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Google Boosts Account Security

Google is making some changes to the way it protects users’ accounts, including notifications whenever users share any information from their Google account with any other app or site, and a new process that will help people recover compromised accounts.

For many people, their Google account is the epicenter of their online activity. People often link those accounts to other services through federated login, payment services, and other connections. And attackers often prioritize going after those accounts for just that reason, and because people will sometimes reuse their email passwords across other services, so compromising a Google account can be a springboard to a much deeper compromise.

To help users whose accounts have been compromised, Google has developed a new process that will be put in motion automatically once the company’s back end systems detect potentially malicious activity on an account. The process includes checking the critical security settings on the account to ensure that an attacker can’t use an associated phone number or recovery email address to access the account. Google also will help users check any other accounts associated with their Google account for unusual activity, and see if any payment methods connected to their Google account has been compromised, too.

Much of what Google and other platform providers do to protect user accounts happens in the background and normally is invisible to users. These safeguards typically involve automated systems that check for device fingerprints and other characteristics that help providers identify legitimate users. Google has extensive automated account-security checks for its users, some of which are public and many of which are not. Those systems are what form the foundation of the method Google uses to identify suspicious account activity and provide users with warnings about potential attacks by government-backed attackers.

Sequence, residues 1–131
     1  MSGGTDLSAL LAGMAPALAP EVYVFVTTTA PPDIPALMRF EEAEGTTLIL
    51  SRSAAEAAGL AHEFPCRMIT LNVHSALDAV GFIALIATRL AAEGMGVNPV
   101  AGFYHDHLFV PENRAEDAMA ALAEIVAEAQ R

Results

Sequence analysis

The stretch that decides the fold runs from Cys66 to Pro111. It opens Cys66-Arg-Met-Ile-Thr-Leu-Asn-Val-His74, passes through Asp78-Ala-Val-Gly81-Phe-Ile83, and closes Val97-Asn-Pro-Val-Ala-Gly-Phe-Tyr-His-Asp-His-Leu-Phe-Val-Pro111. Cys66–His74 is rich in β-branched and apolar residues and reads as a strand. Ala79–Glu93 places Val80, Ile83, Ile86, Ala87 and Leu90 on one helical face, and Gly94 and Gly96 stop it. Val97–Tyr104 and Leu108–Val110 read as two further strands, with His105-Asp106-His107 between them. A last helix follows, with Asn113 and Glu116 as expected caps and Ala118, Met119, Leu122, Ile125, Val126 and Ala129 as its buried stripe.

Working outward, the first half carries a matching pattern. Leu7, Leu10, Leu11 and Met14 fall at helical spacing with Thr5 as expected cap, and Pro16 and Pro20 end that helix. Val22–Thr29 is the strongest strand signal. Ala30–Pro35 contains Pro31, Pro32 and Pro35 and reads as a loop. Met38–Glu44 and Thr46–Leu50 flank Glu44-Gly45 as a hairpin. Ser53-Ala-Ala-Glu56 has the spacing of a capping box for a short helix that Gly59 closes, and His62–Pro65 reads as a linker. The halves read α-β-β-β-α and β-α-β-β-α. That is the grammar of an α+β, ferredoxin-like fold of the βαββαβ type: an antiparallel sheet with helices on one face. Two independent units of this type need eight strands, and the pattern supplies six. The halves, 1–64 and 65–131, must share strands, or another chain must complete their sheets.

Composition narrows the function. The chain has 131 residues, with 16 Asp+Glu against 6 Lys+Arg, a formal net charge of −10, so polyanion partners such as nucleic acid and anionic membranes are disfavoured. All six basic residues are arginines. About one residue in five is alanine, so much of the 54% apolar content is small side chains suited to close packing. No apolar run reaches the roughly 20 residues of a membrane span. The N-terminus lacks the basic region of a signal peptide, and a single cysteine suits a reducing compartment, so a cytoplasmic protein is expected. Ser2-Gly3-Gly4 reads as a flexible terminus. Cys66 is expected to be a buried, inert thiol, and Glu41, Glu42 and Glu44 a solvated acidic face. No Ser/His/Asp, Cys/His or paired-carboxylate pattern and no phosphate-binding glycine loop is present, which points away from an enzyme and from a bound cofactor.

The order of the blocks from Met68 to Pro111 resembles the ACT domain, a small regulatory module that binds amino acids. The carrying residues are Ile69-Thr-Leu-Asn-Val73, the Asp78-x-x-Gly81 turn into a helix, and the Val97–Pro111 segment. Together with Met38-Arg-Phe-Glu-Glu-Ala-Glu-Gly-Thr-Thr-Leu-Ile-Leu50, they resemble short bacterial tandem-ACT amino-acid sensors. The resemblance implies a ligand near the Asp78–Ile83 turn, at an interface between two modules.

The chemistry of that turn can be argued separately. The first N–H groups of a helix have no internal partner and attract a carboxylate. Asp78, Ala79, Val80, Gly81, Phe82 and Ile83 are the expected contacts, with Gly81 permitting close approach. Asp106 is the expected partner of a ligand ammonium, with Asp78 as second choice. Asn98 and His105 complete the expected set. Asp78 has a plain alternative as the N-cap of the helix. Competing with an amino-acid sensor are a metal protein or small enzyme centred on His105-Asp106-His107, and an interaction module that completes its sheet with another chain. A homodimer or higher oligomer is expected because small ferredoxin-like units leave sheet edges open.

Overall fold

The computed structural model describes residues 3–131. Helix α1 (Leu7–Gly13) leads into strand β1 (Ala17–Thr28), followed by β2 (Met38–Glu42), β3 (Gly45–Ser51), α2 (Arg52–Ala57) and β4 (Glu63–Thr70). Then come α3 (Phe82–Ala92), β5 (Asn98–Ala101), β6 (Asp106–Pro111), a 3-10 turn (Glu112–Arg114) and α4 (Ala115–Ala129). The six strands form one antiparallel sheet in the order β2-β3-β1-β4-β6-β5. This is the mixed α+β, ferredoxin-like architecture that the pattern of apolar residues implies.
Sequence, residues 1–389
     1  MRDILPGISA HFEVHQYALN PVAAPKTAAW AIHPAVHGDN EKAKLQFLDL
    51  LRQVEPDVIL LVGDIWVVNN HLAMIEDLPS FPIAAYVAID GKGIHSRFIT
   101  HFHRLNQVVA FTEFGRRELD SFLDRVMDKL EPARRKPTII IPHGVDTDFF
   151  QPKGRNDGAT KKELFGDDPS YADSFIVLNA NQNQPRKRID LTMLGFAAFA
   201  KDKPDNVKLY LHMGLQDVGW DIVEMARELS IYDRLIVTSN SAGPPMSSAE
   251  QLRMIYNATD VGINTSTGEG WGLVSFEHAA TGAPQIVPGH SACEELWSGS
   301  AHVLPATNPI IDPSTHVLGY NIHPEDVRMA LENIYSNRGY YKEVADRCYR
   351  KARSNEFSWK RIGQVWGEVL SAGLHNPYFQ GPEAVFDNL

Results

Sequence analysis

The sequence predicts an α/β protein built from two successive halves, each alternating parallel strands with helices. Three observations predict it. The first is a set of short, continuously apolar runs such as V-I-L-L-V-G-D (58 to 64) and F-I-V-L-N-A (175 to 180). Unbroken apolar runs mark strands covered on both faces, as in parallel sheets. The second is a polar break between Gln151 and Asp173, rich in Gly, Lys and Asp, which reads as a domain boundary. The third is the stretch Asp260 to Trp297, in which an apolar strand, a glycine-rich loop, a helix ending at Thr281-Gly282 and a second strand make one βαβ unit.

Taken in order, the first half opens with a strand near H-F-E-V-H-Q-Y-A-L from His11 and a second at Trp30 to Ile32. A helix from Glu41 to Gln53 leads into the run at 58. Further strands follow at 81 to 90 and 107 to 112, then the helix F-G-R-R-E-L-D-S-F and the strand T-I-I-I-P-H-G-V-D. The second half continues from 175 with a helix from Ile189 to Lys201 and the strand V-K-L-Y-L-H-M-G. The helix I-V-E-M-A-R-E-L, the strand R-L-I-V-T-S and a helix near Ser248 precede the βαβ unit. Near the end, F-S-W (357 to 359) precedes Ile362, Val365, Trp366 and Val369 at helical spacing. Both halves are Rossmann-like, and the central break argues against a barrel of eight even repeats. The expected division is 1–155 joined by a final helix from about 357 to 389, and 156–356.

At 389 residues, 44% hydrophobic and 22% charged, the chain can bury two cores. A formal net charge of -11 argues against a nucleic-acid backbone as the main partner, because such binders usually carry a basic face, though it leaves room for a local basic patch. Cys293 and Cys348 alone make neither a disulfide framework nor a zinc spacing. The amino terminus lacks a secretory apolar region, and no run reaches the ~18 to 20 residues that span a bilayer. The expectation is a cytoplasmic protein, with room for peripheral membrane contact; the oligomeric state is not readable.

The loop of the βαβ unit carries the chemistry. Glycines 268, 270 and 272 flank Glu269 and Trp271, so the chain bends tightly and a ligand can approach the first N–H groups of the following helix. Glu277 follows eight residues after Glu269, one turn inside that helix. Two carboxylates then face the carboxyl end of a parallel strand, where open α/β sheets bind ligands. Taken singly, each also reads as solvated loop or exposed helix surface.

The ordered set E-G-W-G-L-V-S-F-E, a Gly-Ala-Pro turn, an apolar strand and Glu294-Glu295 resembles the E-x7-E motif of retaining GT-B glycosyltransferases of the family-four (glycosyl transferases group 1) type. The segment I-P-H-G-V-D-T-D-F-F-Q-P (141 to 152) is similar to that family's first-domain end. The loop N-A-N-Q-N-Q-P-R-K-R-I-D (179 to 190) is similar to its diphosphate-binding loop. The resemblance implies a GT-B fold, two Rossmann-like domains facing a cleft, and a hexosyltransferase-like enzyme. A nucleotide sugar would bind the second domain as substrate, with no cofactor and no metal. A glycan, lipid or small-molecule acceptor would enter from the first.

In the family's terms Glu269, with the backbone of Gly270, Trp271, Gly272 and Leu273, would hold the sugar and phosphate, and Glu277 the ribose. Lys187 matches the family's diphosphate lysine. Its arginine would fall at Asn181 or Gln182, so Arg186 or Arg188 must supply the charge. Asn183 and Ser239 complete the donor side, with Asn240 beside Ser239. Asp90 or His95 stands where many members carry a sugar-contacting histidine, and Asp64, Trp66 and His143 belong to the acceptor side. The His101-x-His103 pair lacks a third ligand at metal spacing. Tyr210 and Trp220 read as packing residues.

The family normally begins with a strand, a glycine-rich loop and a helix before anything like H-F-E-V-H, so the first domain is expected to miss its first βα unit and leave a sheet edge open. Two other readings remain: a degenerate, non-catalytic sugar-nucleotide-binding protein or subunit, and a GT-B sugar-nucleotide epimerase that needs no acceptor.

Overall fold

“It’s really important that you understand the information that has been shared with apps or sites so that we can keep you safe."

In addition to the new recovery process, Google also is implementing an additional notification that will alert users whenever they share any data from their Google accounts with third-party apps.

“It’s really important that you understand the information that has been shared with apps or sites so that we can keep you safe. We already notify you when you’ve granted access to sensitive information — like Gmail data or your Google Contacts — to third-party sites or apps, and in the next few weeks, we’ll expand this to notify you whenever you share any data from your Google Account,” Jonathan Skelker, a product manager at Google, said.

Google also is making a small change to the way it handles the behind-the-scenes checks it runs when users login to their accounts. The company’s systems look for a number of factors, and if something looks amiss, users might get a security challenge or not be allowed to login.

“When your username and password are entered on Google’s sign-in page, we’ll run a risk assessment and only allow the sign-in if nothing looks suspicious. We’re always working to improve this analysis, and we’ll now require that JavaScript is enabled on the Google sign-in page, without which we can’t run this assessment,” Skelker said.